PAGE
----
Well A* works amazingly, some concerns are:
1)It uses a lot of memory, not sure how well it will run on the android.
2)It’s not the fastest, takes a will to go through the entire maze on a desktop so I assume it will take far longer on the phone’s hardware
Fortunately I have a solution that should get rid of those issues. Right not it really doesn’t need to scan through every single pixels, the only places on that map that really matter are intersections; where user has to make a decision on where to go. If I can write a method (who knows how) that will get the center points of these intersections, the ammount of nodes will be reduced significantly from ~60000 elements in my closed list to around 20.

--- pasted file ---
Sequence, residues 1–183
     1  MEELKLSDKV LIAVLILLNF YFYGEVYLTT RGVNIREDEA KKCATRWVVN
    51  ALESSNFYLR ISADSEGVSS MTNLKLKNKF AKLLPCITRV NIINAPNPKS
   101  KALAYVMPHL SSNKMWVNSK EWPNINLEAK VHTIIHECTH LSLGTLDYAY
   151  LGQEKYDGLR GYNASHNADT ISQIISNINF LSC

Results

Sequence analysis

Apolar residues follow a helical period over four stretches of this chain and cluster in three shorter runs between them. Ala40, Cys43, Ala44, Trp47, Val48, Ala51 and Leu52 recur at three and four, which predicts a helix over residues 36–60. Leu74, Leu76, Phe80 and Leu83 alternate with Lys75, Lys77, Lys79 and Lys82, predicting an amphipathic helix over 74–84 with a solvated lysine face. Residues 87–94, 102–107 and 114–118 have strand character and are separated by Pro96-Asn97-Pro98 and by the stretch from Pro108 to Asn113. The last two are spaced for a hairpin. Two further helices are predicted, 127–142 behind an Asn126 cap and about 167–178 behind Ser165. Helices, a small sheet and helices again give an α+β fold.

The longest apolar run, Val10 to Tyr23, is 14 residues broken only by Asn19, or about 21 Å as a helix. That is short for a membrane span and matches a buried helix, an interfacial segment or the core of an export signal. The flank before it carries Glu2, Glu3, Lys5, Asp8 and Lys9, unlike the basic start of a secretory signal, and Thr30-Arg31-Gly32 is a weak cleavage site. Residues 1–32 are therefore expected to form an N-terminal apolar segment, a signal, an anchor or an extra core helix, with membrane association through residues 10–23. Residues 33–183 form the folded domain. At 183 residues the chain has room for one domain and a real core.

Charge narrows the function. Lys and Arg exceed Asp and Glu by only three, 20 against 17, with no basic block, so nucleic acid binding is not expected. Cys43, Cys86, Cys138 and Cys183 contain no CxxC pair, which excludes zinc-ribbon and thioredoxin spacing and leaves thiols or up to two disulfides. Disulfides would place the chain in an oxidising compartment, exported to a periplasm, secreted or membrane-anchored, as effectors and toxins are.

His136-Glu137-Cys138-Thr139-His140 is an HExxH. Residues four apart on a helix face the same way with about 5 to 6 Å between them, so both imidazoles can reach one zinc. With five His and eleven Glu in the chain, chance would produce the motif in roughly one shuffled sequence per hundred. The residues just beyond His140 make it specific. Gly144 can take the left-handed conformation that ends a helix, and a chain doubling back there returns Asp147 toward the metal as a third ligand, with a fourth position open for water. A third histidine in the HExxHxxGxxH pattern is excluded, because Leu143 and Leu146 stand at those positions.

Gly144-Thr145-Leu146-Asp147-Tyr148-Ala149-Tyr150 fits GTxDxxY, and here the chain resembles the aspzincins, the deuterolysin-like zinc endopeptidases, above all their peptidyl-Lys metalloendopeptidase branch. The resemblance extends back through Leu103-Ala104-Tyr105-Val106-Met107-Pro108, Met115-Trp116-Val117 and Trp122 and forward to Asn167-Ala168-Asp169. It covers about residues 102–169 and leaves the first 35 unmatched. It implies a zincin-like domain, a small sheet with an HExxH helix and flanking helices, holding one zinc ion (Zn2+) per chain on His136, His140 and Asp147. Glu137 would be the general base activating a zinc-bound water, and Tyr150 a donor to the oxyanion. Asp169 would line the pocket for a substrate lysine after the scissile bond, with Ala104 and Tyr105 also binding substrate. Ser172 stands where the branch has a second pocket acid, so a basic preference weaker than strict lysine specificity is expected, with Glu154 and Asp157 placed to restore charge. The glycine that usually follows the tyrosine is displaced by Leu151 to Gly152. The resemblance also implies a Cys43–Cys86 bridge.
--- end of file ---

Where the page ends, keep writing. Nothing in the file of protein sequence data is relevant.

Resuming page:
Also I previously mentioned using insertion sort, turns out O(n) with 60000 elements is not so good. Binary heaps were the right answer with O(1) to get the smallest element and O(log n) to delete and insert.
Writing the code to get rid of this redundant information presents the largest challange, off the top of my head I’m thinking using houghlines and finding areas that are roughly the lanelength^2. However code like that will only really be applicable to the rectangular maze case, if I ever want to generalize it to solve any maze I’ll have to come up with a better solution.
For now I think I will just get the rectangular case working flawlessly for any rectangular maze then go from there.